No. 2

Practice, Baby, practice

In the second week as a Falmouth University MA student I learned a lot about creativity. Especially hearing about Elizabeth Gilbert’s TED talk Your Elusive Creative Genius’ made me not only chuckle but think. One sentence of her that I will definitely not forget was “Do not always behave rational!” (Gilbert 2009). I very much love this statement since it takes away pressure of the need to ever perform highly. We are allowed and sometimes maybe even obliged to think outside the box, to be unorthodox.

dead thing_2

The idea of doodling appeals to me, I only believe it might be hard to graft it into my daily schedule. In my opinion one needs time and a certain amount of relaxation to  doodle freely. As a consequence I’d like to practice myself in the art of doodling on a daily basis because I’m convinced of its benefits. Even if I have a stressful day, I might only need to accept that my doodles doesn’t have to be perfect (that’ll might do the trick!).

Doodling.jpg
Fig. 1: Rageth. 2017. Artistic Doodling

I noticed that all the tasks from week 2 were particularly practice oriented – I found that rather refreshing! Yes, we all study in an academical surrounding but that fact doesn’t keep us from mastering our practical skills (because at the end of the day that is the only thing that counts, whether or not we are able to actually organise and plan an event as creative practitioners).

“The essence of the planned event is that of an experience that had been designed, which would not otherwise occur.” (Getz and Page 2016: 8)

Is there something else more practical than experiences? They can only be felt in the field, solely writing about them might be a little dull in the long run. Event Managers might be as well called experience generators in order to emphasise the importance of “the growth of the scale of the creative economy which goes hand-in-hand with an increase in people’s desire for shared artistic and cultural experiences, both in how they are produced and how they are experienced” (Howkins 2013: 46). There is an actual “experience economy” (Getz and Page 2016: 222). But not only because of that experience is vital, it is also no surprise that “participatory (arts) projects can fail or underachieve for a variety of reasons, including inexperience and under-resourcing” (Matarasso 1997: Summary VI).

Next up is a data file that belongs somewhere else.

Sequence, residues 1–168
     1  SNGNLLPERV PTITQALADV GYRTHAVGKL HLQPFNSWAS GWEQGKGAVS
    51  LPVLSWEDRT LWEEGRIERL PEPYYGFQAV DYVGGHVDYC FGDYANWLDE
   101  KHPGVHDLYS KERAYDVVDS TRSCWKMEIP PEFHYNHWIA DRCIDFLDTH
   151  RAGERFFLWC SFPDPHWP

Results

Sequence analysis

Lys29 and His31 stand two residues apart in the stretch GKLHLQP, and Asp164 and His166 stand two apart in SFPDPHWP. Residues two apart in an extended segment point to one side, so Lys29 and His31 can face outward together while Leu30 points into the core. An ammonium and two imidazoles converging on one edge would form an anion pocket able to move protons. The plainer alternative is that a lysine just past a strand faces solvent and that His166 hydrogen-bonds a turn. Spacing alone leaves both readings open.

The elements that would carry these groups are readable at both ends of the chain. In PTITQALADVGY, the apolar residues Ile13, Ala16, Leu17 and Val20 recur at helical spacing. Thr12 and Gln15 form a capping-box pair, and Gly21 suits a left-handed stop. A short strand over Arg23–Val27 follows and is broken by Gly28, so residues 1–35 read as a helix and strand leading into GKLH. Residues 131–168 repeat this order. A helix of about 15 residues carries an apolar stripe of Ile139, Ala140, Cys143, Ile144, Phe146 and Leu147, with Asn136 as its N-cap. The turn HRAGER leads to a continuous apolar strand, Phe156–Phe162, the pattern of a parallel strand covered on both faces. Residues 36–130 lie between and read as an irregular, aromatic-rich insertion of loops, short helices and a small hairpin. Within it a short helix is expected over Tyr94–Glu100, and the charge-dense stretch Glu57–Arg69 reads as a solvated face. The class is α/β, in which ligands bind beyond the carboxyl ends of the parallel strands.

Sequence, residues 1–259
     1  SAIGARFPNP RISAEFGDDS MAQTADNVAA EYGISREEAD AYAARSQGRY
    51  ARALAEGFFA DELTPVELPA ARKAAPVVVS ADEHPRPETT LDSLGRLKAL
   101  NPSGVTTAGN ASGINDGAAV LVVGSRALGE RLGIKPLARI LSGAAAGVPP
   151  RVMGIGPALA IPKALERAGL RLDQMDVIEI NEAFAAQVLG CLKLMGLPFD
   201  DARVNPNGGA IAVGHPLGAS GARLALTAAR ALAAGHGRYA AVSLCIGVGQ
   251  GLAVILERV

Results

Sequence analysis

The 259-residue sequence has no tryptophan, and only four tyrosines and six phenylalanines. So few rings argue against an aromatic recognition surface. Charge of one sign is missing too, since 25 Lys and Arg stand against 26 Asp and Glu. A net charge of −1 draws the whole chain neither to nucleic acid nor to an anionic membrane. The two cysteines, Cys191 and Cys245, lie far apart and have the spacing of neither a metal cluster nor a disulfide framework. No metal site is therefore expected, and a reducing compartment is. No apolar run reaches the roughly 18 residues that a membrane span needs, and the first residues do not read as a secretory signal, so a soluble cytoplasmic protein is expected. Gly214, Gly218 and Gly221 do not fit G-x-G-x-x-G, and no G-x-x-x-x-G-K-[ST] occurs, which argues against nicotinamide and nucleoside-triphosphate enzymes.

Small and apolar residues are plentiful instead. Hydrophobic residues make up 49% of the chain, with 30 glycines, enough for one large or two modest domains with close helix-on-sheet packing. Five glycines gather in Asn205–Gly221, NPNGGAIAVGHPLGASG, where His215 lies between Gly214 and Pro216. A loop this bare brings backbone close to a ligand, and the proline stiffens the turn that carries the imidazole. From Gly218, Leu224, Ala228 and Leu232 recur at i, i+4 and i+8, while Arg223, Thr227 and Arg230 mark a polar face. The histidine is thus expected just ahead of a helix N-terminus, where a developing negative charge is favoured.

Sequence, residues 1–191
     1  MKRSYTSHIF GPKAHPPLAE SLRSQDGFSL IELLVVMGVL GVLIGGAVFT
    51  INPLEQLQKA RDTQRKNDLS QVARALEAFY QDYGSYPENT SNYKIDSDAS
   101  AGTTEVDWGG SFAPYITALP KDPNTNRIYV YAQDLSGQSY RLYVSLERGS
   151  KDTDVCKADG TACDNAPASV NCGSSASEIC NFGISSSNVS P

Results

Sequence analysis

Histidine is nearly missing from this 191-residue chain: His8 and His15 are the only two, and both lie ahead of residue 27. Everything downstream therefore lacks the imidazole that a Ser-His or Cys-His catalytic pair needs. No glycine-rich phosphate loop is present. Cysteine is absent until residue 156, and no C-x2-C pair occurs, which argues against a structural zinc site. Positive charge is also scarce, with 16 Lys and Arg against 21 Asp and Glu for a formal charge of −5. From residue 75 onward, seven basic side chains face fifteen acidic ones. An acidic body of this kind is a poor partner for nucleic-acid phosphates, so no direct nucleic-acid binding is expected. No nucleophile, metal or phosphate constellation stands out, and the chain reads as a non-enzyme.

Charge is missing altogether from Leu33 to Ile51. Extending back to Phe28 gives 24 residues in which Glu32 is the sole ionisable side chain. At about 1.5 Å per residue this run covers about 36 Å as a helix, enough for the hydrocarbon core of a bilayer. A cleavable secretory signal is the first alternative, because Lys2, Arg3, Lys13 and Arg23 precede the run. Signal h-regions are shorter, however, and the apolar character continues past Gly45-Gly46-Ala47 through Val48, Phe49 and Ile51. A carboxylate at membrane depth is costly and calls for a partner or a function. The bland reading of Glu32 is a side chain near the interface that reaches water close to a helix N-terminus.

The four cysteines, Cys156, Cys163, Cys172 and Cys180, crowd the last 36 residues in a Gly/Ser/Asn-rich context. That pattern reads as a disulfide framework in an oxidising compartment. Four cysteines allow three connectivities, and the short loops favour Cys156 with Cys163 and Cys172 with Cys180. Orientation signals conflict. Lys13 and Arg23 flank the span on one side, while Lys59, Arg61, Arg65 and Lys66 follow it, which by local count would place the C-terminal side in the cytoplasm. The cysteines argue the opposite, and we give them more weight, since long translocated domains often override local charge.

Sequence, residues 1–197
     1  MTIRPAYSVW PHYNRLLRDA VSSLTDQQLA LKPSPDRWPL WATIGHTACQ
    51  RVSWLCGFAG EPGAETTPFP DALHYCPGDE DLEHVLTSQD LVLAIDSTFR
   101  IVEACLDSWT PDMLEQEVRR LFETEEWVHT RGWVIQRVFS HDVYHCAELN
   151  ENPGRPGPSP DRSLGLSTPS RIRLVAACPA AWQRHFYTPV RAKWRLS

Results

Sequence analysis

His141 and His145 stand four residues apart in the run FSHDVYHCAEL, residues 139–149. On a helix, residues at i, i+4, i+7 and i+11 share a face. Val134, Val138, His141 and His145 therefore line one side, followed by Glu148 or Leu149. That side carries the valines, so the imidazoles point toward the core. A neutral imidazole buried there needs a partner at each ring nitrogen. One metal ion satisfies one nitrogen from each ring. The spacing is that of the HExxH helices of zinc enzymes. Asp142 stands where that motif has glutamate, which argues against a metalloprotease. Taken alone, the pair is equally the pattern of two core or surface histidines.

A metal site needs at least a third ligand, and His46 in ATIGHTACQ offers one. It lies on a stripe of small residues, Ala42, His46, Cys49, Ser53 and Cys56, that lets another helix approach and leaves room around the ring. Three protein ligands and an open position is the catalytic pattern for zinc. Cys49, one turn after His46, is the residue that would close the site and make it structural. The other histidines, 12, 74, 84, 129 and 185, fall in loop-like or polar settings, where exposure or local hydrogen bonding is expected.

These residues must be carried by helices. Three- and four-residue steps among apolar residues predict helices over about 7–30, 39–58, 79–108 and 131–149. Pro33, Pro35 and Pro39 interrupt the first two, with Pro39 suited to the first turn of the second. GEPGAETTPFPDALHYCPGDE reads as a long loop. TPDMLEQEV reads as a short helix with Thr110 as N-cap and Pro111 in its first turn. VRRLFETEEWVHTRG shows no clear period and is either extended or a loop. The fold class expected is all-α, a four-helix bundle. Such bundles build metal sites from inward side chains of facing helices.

Horowitz

In summary, it can be stated that creative practice needs practice – at least that’s what I believe. As a consequence I will try to train myself in the approaches I became acquainted within week 2 such as reflecting on the statements made in Teresa Amabile’s inspiring text on “How to Kill Creativity” or applying the six-segment model by Claire Eason Bassett, managing director at Mackerel Sky Events and lecturer at Falmouth University.

I believe it is important to reflect on the “principle of creativity – intrinsic motivation” as well (Amabile 1998), the latter being the salt in every experience (quite literally seasoned and/or produced). With this in mind: Only practice makes perfect – even though nobody’s perfect…!

 

B i b l i o g r a p h y 

GETZ, Donald and Stephen J. PAGE. 2016. Event Studies. Theory, research and policy for planned events. Third Edition. London and New York: Routledge.

HOWKINS, John. 2013. The Creative Economy. How people make money from ideas. Second Edition. London: Penguin Books Ltd.

MATARASSO, François. 1997. Use or Ornament? The social impact of participation in the arts. Online PublicationComedia.

RATCLIFFE, Susan. 2012. Little Oxford Dictionary of Quotations. Fifth Edition. Oxford: Oxford University Press.

R e f e r e n c i n g   W e b s i t e s

AMABILE, Teresa. September-October 1998. Harvard Business Review. How to Kill Creativity. Available at: https://hbr.org/1998/09/how-to-kill-creativity [accessed 7 February 2017].

GILBERT, Elizabeth. 2009. Your Elusive Creative Genius. Available at: https://www.ted.com/talks/elizabeth_gilbert_on_genius?language=de [accessed 7 February 2017].

HOROWITZ, Vladimir. Unknown. The difference between ordinary and extraordinary is practice. Available at: http://www.nordangliaeducation.com/our-schools/shanghai/puxi/article/2016/11/10/the-difference-between-ordinary-and-extraordinary-is-practice [accessed 7 February 2017].

F u l l   l i s t   o f   f i g u r e s

Figure 1: RAGETH, Onna. 2017. Artistic doodling. Private Collection: Onna Rageth.

 

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